Also, this is going to impact the way that we speak about our children to others. I have heard some Christian parents talk very negatively about their children to others to say, "oh, they're such a pest," or even just joking in social situations. "Anyone want to take these guys home?" These are ways in which we should not be speaking about our children to others because they bear the image of God. Would we ever speak about Jesus in that way? No. We need to make sure that we are talking respectfully about our children.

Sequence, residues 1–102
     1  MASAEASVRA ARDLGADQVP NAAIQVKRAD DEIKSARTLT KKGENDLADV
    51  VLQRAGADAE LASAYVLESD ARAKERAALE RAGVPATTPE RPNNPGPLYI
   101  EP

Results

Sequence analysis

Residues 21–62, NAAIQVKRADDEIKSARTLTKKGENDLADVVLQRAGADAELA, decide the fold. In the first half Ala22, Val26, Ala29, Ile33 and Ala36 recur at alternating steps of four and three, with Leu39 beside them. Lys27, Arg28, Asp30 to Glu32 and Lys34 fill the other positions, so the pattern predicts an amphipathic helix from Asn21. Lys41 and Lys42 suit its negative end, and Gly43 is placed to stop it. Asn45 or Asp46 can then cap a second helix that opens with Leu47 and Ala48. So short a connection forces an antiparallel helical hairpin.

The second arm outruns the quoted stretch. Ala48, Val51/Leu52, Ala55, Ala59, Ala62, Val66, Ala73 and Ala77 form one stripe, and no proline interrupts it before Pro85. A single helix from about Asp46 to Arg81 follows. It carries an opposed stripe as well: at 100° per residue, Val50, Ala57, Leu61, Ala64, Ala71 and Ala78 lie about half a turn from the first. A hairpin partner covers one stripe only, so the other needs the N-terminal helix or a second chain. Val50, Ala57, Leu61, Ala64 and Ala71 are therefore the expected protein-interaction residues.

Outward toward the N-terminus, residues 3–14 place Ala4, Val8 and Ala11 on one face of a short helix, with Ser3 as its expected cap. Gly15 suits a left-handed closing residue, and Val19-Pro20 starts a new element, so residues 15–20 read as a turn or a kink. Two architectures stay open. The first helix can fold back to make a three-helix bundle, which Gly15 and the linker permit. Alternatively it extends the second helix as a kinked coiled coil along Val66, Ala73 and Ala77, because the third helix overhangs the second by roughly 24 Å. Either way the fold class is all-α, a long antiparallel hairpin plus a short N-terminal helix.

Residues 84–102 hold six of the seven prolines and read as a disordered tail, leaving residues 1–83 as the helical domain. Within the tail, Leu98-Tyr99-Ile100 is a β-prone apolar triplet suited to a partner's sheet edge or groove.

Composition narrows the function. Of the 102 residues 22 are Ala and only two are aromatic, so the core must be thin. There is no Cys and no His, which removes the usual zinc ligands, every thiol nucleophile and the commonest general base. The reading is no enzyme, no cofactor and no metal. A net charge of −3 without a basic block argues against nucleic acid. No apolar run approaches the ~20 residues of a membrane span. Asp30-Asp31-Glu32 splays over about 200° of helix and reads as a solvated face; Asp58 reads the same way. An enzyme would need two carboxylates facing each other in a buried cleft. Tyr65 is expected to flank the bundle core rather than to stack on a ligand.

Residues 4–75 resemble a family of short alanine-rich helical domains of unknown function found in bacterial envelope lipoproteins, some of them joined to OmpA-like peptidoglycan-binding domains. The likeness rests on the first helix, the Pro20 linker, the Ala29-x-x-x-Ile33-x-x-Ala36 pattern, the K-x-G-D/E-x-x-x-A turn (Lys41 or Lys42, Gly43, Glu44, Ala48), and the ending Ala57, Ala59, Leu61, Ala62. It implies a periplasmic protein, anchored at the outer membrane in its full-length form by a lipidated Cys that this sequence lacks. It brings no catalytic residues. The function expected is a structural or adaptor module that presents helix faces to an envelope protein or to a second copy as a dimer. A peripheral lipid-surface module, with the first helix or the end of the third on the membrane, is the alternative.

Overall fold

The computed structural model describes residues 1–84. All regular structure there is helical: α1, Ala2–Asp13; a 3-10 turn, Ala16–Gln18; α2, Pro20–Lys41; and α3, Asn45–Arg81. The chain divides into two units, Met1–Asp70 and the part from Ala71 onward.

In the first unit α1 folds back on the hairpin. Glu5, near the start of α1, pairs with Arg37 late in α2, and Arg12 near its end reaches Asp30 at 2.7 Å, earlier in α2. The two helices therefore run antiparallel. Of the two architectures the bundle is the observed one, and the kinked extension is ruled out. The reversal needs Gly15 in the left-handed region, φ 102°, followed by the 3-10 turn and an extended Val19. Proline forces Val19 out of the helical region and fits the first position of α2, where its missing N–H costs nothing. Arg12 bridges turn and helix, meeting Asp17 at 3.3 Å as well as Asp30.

Now, I mean, that doesn't mean that we never bring up disciplines or difficult or discipline situations with those within the body of Christ. If someone's asking us how we're doing, we say, oh, you know what? I'm really struggling with my kids right now. The purpose of that is not to talk negatively about our kids, but to be honest about where we are and share a struggle with a brother or a sister in Christ to ask them to hold us accountable, to ask them to pray for us, maybe even to ask them to come over and help us out in the situation that we're facing.